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Depression and diabetes: treatment and health-care delivery

Overview of attention for article published in The Lancet Diabetes & Endocrinology, June 2015
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About this Attention Score

  • In the top 5% of all research outputs scored by Altmetric
  • High Attention Score compared to outputs of the same age (94th percentile)
  • High Attention Score compared to outputs of the same age and source (81st percentile)

Mentioned by

news
3 news outlets
policy
1 policy source
twitter
5 tweeters

Citations

dimensions_citation
111 Dimensions

Readers on

mendeley
207 Mendeley
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Title
Depression and diabetes: treatment and health-care delivery
Published in
The Lancet Diabetes & Endocrinology, June 2015
DOI 10.1016/s2213-8587(15)00045-5
Pubmed ID
Authors

Frank Petrak, Harald Baumeister, Timothy C Skinner, Alex Brown, Richard I G Holt

Abstract

Despite research efforts in the past 20 years, scientific evidence about screening and treatment for depression in diabetes remains incomplete and is mostly focused on North American and European health-care systems. Validated instruments to detect depression in diabetes, although widely available, only become effective and thus recommended if subsequent treatment pathways are accessible, which is often not the case. Because of the well known adverse effects of the interaction between depression and diabetes, treatment goals should focus on the remission or improvement of depression as well as improvement in glycaemic control as a marker for subsequent diabetes outcome. Scientific evidence evaluating treatment for depression in type 1 and type 2 diabetes shows that depression can be treated with moderate success by various psychological and pharmacological interventions, which are often implemented through collaborative care and stepped-care approaches. The evidence for improved glycaemic control in the treatment of depression by use of selective serotonin reuptake inhibitors or psychological approaches is conflicting; only some analyses show small to moderate improvements in glycaemic control. More research is needed to evaluate treatment of different depression subtypes in people with diabetes, the cost-effectiveness of treatments, the use of health-care resources, the need to account for cultural differences and different health-care systems, and new treatment and prevention approaches.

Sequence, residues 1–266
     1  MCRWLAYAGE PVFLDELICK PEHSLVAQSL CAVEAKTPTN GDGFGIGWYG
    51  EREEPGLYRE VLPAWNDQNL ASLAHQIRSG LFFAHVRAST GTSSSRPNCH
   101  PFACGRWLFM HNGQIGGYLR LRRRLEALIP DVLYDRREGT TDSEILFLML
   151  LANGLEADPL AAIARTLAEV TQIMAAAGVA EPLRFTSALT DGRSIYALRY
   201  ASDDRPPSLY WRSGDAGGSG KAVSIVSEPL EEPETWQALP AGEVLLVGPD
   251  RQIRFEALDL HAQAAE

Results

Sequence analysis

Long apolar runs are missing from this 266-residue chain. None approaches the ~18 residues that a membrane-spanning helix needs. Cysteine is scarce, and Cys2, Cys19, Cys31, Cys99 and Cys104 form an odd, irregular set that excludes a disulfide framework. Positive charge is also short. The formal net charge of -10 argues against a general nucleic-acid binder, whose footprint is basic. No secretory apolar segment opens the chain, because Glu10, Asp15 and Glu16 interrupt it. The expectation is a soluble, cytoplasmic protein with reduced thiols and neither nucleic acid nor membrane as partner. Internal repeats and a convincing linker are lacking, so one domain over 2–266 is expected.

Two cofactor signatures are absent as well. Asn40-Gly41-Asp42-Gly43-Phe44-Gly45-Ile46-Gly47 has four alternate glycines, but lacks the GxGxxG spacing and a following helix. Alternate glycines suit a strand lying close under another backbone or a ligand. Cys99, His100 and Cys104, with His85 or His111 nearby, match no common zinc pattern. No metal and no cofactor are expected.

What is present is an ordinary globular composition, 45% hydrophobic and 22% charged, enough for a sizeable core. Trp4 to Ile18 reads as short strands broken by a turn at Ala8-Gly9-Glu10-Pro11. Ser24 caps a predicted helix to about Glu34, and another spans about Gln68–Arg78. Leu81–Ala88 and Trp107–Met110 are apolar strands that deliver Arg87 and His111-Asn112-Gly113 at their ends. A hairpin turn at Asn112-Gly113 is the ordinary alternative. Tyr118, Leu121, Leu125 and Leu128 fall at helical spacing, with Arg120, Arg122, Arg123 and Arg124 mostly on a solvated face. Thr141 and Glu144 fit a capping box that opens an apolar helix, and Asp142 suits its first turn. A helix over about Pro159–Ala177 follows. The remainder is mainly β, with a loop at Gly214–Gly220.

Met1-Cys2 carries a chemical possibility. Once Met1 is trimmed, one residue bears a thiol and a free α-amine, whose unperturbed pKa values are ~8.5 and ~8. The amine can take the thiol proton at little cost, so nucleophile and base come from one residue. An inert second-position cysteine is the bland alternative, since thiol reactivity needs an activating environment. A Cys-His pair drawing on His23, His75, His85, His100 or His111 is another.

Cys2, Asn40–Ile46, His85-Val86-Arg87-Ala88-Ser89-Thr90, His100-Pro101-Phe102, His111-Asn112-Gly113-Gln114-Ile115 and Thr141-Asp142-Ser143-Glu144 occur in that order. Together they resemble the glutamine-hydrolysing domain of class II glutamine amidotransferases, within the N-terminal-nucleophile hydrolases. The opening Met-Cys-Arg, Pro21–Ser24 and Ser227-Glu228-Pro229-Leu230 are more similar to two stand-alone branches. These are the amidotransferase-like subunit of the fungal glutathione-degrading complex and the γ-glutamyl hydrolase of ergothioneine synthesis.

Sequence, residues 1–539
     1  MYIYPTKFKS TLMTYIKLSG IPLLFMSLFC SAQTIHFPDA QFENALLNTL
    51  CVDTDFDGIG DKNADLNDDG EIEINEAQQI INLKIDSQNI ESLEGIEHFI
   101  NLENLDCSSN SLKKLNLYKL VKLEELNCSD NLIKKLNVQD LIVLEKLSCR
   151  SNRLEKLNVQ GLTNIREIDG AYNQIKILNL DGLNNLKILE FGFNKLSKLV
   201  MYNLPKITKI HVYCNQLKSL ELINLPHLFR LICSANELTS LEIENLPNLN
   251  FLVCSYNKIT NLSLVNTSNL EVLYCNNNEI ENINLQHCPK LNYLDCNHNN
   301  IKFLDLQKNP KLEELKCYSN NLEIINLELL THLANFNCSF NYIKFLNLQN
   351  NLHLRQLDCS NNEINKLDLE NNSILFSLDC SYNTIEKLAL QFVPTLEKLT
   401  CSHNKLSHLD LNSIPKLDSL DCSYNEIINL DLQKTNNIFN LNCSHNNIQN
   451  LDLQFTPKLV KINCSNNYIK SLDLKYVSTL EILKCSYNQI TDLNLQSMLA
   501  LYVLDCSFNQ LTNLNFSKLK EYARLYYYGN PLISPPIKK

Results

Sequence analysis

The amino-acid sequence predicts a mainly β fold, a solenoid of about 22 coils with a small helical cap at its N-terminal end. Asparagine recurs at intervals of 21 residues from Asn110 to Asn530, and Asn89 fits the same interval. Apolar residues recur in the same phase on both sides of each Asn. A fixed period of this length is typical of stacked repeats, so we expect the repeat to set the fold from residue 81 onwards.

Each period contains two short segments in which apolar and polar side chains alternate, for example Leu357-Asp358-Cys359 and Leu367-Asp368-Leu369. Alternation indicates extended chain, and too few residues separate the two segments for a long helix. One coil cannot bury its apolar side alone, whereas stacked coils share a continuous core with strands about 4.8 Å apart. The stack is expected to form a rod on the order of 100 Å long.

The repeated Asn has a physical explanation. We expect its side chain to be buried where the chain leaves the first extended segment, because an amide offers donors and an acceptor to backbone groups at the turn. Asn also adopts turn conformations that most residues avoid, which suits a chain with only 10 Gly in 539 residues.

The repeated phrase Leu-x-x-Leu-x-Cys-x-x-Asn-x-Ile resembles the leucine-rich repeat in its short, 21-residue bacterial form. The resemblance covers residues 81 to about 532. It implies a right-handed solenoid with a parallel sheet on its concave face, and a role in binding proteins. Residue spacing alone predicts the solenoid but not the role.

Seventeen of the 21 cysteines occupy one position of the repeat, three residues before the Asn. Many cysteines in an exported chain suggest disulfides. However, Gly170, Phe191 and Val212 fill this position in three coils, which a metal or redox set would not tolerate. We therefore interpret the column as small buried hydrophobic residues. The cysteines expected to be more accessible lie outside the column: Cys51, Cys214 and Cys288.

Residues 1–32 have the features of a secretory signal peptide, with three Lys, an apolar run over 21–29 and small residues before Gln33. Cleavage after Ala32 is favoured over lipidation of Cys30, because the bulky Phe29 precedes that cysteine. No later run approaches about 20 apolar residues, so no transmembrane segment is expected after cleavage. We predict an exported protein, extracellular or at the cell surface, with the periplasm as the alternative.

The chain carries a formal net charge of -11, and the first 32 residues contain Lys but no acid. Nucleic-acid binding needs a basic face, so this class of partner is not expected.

Twitter Demographics

The data shown below were collected from the profiles of 5 tweeters who shared this research output. Click here to find out more about how the information was compiled.

Mendeley readers

The data shown below were compiled from readership statistics for 207 Mendeley readers of this research output. Click here to see the associated Mendeley record.

Geographical breakdown

Country Count As %
United States 2 <1%
Chile 1 <1%
Mexico 1 <1%
Switzerland 1 <1%
Unknown 202 98%

Demographic breakdown

Readers by professional status Count As %
Student > Master 36 17%
Student > Ph. D. Student 35 17%
Student > Postgraduate 21 10%
Student > Bachelor 18 9%
Researcher 18 9%
Other 46 22%
Unknown 33 16%
Readers by discipline Count As %
Medicine and Dentistry 74 36%
Psychology 30 14%
Nursing and Health Professions 25 12%
Neuroscience 9 4%
Social Sciences 8 4%
Other 21 10%
Unknown 40 19%

Attention Score in Context

This research output has an Altmetric Attention Score of 30. This is our high-level measure of the quality and quantity of online attention that it has received. This Attention Score, as well as the ranking and number of research outputs shown below, was calculated when the research output was last mentioned on 21 March 2018.
All research outputs
#810,456
of 17,356,510 outputs
Outputs from The Lancet Diabetes & Endocrinology
#522
of 1,610 outputs
Outputs of similar age
#13,595
of 238,911 outputs
Outputs of similar age from The Lancet Diabetes & Endocrinology
#11
of 60 outputs
Altmetric has tracked 17,356,510 research outputs across all sources so far. Compared to these this one has done particularly well and is in the 95th percentile: it's in the top 5% of all research outputs ever tracked by Altmetric.
So far Altmetric has tracked 1,610 research outputs from this source. They typically receive a lot more attention than average, with a mean Attention Score of 59.3. This one has gotten more attention than average, scoring higher than 67% of its peers.
Older research outputs will score higher simply because they've had more time to accumulate mentions. To account for age we can compare this Altmetric Attention Score to the 238,911 tracked outputs that were published within six weeks on either side of this one in any source. This one has done particularly well, scoring higher than 94% of its contemporaries.
We're also able to compare this research output to 60 others from the same source and published within six weeks on either side of this one. This one has done well, scoring higher than 81% of its contemporaries.